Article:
9  Domain Knowledge

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Machine learning algorithms learn models from data without needing much input from us. At least compared to other modeling approaches. But what about all the domain knowledge that we already have? Having models learn from data is the opposite of using domain knowledge – we let an algorithm identify the relevant patterns and differentiate between signal and noise.

Domain knowledge

Domain knowledge refers to facts that have been established in a field.

Can we use domain knowledge to guide the model? This chapter shows that we can, ranging from the standard steps of translating the problem into a prediction task to more creative means such as designing custom evaluation metrics. The chapter focuses on ways to infuse domain knowledge directly into the model. Less well-known is that we can extract domain knowledge from the model: Domain knowledge constrains the model and affects its performance, which gives us information on how valuable the domain knowledge is for this prediction task. This makes machine learning a two-way street between domain knowledge and predictive performance.

The Ravens struggled to fully integrate machine learning into Raven Science. Even if the tornado warning system was a success, they had to dismiss most of their domain knowledge and let the machine learn from scratch, or so it seemed. How wasteful, thought Krahrah. This was an insult to previous raven scientists and the knowledge they had generated. Even worse, the machines didn’t contribute to the great library of raven knowledge but kept their secrets hidden in the algorithms. If only there was a way to integrate knowledge into supervised ML models and maybe even get some knowledge in return.

9.1 Translate the question into a prediction task

The Ravens were wrong. Machine learning models are typically infused with lots of domain knowledge already, even when it may seem otherwise at first. Most domain knowledge comes from “translating” the scientific question into the prediction task. Predicting tornadoes from radar data and not from the number of people reporting knee aches might seem like common sense. But as soon as you get into the details of designing the prediction task, you typically rely on deeper domain knowledge. Designing the prediction task might not always feel like infusing domain knowledge, especially when the prediction task is long established, like in weather forecasting. But for scientific problems that aren’t typically set up as prediction tasks, the translation process allows for a lot of creativity, which should be guided by domain knowledge.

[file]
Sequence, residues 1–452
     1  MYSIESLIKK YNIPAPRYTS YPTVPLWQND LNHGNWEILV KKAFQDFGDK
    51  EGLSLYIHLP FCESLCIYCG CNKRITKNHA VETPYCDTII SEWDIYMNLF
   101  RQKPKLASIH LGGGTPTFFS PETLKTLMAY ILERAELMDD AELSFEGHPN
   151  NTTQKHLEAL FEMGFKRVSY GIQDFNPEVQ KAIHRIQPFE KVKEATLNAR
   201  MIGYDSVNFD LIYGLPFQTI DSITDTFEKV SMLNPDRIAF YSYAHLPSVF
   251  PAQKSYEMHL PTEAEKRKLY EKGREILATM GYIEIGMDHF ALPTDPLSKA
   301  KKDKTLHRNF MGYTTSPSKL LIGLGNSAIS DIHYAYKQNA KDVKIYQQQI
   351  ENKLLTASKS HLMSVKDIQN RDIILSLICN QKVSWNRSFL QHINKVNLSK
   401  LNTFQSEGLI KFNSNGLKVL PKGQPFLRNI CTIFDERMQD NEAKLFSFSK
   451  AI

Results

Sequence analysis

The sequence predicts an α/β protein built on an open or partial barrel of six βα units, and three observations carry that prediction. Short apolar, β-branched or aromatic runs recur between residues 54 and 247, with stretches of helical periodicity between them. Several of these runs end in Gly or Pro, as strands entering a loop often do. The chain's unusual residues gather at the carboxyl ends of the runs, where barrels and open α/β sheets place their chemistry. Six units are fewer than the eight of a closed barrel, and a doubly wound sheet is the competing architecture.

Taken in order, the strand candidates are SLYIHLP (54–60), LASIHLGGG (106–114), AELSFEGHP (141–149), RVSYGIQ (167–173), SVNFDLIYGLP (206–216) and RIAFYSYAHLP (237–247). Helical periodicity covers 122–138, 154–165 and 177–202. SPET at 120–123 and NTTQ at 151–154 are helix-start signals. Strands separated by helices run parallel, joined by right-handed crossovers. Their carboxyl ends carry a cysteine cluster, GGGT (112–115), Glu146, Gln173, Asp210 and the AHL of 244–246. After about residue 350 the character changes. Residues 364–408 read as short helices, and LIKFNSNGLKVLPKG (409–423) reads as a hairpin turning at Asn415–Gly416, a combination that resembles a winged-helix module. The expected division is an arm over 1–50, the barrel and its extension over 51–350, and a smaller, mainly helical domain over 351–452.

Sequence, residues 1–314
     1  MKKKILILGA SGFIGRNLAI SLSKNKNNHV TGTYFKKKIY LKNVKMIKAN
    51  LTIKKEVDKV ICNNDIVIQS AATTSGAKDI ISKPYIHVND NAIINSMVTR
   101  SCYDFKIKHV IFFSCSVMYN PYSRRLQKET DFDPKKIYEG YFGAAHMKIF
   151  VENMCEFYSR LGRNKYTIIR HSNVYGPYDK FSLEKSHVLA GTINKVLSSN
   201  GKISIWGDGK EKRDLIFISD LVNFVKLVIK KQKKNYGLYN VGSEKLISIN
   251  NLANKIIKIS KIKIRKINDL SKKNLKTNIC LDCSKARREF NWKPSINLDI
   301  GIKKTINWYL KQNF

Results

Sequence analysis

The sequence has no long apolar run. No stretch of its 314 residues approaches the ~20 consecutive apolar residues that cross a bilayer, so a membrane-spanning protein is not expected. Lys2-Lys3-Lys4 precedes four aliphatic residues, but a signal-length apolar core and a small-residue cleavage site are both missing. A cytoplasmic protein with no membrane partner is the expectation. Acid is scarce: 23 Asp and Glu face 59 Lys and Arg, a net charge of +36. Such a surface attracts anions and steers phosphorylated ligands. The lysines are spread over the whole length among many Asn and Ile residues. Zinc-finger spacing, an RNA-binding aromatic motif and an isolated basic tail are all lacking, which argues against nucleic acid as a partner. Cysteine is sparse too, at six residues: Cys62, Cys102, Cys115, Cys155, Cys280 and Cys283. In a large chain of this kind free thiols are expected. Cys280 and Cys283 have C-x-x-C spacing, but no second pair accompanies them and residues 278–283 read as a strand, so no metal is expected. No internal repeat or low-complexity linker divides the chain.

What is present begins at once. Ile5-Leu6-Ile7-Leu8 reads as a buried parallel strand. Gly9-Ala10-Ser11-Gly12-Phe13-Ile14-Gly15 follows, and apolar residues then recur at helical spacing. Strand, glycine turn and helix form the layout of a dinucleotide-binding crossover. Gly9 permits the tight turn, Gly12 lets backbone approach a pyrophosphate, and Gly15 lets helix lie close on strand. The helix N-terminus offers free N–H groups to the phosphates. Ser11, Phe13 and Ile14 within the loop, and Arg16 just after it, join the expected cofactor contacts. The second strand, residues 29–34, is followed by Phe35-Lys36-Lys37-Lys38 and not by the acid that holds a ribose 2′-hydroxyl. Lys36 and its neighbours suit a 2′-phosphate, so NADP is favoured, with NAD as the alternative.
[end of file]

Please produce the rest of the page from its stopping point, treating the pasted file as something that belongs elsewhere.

A big part of the translation is creating features and targets. Whether you predict intelligence from the income of the parents or chocolate consumption (Maurage, Heeren, and Pesenti 2013) makes for very different models. But if you are a typical reader of this book, you already know these things. Time to get to the juicy and often overlooked means to infuse domain knowledge.

9.2 Constrain the model

Machine learning is praised for the flexibility to learn any function, but sometimes you might want the opposite and constrain the model. Model constraints are a direct way to incorporate domain knowledge into the learning process. Some examples of constraints that can be put on the relation between features and the prediction:

  • Monotonicity: The model’s predictions have to increase or decrease monotonically with increasing values of the feature in question. Example: Ensuring credit risk scores increase monotonically with income.
  • Linearity: Restrict the model to learn a linear relation between prediction and feature(s). Example: Predicting rent, where the price is linearly dependent on the size.
  • Sparsity: Restrict the number of features to be used for the prediction. Example: In genomic studies, identifying a small subset of genes responsible for a particular disease.
  • Smoothness: Restrict the predictions to smoothly change when the input changes. Example: Predicting temperature as a function of altitude, where abrupt changes are not expected.
  • Cyclicity: A smoothness constraint that ensures that the predictions for the low and high end of a feature “meet”. Example: Predicting electricity demand based on the time of the day, considering the cyclical nature of a day, that is a smooth transition from 23:59 to 00:00.